The MSc Mindfulness studies course practice has required 40 minutes of mindfulness meditation a day, and the benefits of that sustained and daily practice have seeped into my daily life; (the practices are exactly the same as are taught on the MA syllabus). The affects are subtle, and there’s no trying; the practices of Mindfulness, Compassion and Insight are like a buoyancy aid under the surface mind, holding my head up above the tumult of the waves, keeping me afloat, so I can see the spaciousness of the sky and not get pulled under, dragged in to the undercurrent of thoughts and emotions. Practice has taught me how to relax into the fullness of the experience and to allow myself to feel it fully, to give it space in which to arise, manifest and dissolve.
But when things become turbulent, like this week – it’s the true touchstone of my practice. Avoiding practice because the house is full of people is a red flag. I’m getting lost in doubts and fears; – I am met with resistance from within, I hear my inner voice giving me reasons why I don’t have time for “practice?! this is an emergency! – too many people around! you need to work! work work! No time for sitting doing nothing! Nothing to do? Nowhere to go?!” I feel myself resisting what is, and that to me now, is a sign that I need to strengthen my intention and remind myself of my motivation – I need to sit myself down; there is work to be done on the cushion.
Heather’s short video on Mindfulness in Times of Difficulty is hugely reassuring and helpful for me this week. Finding nourishing (meditating, walking) and not depleting activities (like checking media incessantly), setting an intention for myself to stop reading the news has proved very soothing and helpful; a mindful walk with the dog and a shorter sit suits me better now as my house is now full of my family with all the busyness and challenges that that brings. The Mindfulness Association App is always available, wherever I find myself, and I use it often as a support.
This week finds my house with the three of us at home; unusual demands of attention and a certain amount of disruption – and so the luxury of meditation space, uninterrupted peace to work are compromises that need to be met. Some time ago through my insight practices I realized that every “encounter” with my family, every challenge, every disagreement had something to do with me and my egoic self. I watched with horror as I became conscious to it, how manipulative I was and had never noticed, always maintaining a subliminally superior stance, trying to make things work for me..totally not in line with my ‘I’m a nice person” version of myself I had created. My family are my teachers. Every encounter where I notice myself asserting a position – is a reminder to be mindful. Every time I meet resistance in my family is an opportunity to practice loving kindness and compassion. And every time I manage to resist sticking my oar in, is an opportunity to celebrate.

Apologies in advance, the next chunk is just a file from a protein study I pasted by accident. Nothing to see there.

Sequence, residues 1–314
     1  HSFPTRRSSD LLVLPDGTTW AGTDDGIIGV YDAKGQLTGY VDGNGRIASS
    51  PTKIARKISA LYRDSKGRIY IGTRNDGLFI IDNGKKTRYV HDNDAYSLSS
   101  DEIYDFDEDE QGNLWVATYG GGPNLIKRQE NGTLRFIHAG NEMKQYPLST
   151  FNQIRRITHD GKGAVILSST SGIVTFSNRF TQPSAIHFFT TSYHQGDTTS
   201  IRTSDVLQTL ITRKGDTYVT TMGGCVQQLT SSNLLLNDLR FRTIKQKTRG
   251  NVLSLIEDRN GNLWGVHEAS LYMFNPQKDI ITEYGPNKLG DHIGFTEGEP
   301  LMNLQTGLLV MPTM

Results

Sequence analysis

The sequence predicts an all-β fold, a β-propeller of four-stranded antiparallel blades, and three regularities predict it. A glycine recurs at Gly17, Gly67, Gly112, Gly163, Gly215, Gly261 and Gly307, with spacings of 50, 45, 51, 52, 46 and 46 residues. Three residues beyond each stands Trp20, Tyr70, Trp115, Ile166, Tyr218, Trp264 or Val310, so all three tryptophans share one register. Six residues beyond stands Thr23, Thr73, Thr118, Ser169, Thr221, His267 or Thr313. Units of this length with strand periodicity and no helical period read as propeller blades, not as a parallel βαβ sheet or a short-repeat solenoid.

“If you think you’re enlightened go spend a week with your family” said Ram Das who has inspired the challenge this week (and actually for the weeks to come, perhaps this is a monthly challenge!)
What Ram Das said is funny, and deeply profound.
So this week’s challenge, is to celebrate. Celebrate every moment where you achieve a moment of Mindfulness. Celebrate your and your family’s little irritations – they are fuel for growing Compassion. Mindfulness and Compassion do help us to connect with the spaciousness and joy that we so need right now within whatever confines we find ourselves.
I wish us all many mindful and compassionate moments in the coming weeks.
May we all be healthy, may we all be happy, may we all live with ease.